Help Save Elfdalian, the Ancient Viking Forest Language of Sweden
The ancient Viking language of Elfdalian has been almost entirely wiped out, with only 3,000 people in a tiny forest community in Sweden currently keeping it alive. People having been fighting to revive the historic tongue by bringing it back to schools before it vanishes completely. However, the Swedish Government still treats it as a dialect only, and campaigners are pushing for the ancient Viking tongue to be officially recognized as a language. A petition in support of its language status is rapidly gaining momentum.
The Conversation reports that the ancient dialect of Elfdalian ( älvdalska in Swedish and övdalsk in the language itself) was a vigorous language until well into the 20th century. Sounding to listeners like a beautiful and complex language as spoken by the Elven race in fantasy epics, Elfdalian is actually derived from Old Norse, the language of the Vikings. However, it is radically different from Swedish, writes University of Copenhagen linguist Dr. Guus Kroonen.
He explains that it “sounds like something you would more likely encounter in Tolkien’s Lord of the Rings rather than in a remote Swedish forest.” It can be heard on the video below.
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Elfdalian is unique among Nordic languages, expressing itself with different tones and sounds. Even the grammar and vocabulary are unlike Swedish. So while speakers of Swedish, Norwegian and Danish are able to have simple conversations and understand each other, not so with Elfdalian. So far removed from Swedish, (even while originating from the same region,) it is completely unintelligible to non-local Swedes.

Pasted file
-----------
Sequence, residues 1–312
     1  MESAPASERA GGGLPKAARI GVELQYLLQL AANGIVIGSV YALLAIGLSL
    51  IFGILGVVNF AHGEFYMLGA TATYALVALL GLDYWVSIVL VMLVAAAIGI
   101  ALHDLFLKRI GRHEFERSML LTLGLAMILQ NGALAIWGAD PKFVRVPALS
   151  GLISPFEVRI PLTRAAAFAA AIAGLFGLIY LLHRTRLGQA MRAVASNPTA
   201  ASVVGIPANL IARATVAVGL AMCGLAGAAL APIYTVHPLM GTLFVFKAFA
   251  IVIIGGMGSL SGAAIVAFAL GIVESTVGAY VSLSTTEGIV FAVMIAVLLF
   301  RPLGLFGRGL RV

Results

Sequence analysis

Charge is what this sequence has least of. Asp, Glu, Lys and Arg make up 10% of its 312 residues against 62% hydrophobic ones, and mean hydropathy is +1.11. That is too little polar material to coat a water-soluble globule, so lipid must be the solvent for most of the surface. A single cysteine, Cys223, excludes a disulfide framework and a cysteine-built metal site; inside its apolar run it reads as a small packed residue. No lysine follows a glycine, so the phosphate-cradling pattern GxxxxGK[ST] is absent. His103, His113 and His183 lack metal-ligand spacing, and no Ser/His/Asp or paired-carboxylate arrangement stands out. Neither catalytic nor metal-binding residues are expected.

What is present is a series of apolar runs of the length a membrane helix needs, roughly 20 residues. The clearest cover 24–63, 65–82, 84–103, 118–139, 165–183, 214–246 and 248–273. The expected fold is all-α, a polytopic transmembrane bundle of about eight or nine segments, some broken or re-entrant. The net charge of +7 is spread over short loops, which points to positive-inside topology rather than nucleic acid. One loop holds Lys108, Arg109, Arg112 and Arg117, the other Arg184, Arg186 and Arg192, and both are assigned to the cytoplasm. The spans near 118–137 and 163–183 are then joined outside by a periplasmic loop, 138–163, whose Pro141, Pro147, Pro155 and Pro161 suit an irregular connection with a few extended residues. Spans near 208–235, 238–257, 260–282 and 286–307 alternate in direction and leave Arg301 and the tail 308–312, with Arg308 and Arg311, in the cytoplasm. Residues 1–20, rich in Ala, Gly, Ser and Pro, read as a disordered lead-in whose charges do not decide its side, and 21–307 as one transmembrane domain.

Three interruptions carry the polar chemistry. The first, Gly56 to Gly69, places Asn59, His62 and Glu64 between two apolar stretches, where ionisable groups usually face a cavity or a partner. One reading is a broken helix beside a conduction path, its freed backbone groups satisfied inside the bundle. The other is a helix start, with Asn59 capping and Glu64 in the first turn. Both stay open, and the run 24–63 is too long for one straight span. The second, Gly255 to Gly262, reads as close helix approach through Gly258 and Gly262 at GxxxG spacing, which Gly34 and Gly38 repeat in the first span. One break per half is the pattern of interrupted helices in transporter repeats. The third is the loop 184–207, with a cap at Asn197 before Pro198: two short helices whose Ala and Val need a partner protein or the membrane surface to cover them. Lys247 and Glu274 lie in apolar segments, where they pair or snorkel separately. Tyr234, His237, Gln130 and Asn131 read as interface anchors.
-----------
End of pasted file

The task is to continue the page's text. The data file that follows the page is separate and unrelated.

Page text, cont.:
Viking patterned woodwork. Hans Splinter/Flickr
The language originated in the forested region of Älvdalen, Sweden, and remained robust for centuries. Elfdalian served the people of Älvdalen as trade and economic networks were mostly local, and no other languages were necessary.
However, in the last century the dynamic shifted. As mobility, mass communication, and even mass media increased, the Swedish language became more widespread, crowding out Elfdalian. Soon it was actively suppressed. Today, only 60 children under the age of 18 are estimated to currently speak the language.
“Speakers of the language were stigmatized, and children were actively discouraged to use it at school. As a result, speakers of Elfdalian shifted to Swedish in droves, especially in the past couple of decades. At present, only half of the inhabitants of Älvdalen speak it,” Dr. Kroonen writes.
In order to save the swiftly-disappearing language, activists started a campaign of awareness and preservation. The group of language activists, called Ulum Dalska (“We need to speak Elfdalian”) have seen some success in attempts to revitalize the language. Several children’s books have been translated into Elfdalian, and programs have been introduced in schools encouraging and incentivizing the learning of the language, reports news site The New Daily.
However, campaigners are fighting and losing battle. TheLocal.Se reports that while the Swedish Government still considers it a dialect and not a language, children who speak Elfdalian feel a sense of inferiority about their mother tongue.
“Once Elfdalian is recognized as a language the community would have the chance to apply for financial support to help it. The state would feel more obliged than now to fulfill its duty and see that Elfdalian speaking children could develop their language in preschool and school,” Yair Sapir, an associate professor of Swedish language at Kristianstad University, told The Local.
A petition in support of a motion handed in by the Green Party asking parliament to reconsider Elfdalian’s language status is beginning to attract widespread attention. If you’d like to help save the Viking language of Sweden, you can sign the petition HERE. [English translation is provided. Click ‘Skriv på listan’ at the bottom of the page to sign your name.]
Featured Image: The forests of Sweden. Activists fight to preserve the ancient forest language of Elfdalian. Daniel Sjöström/Flickr
By Liz Leafloor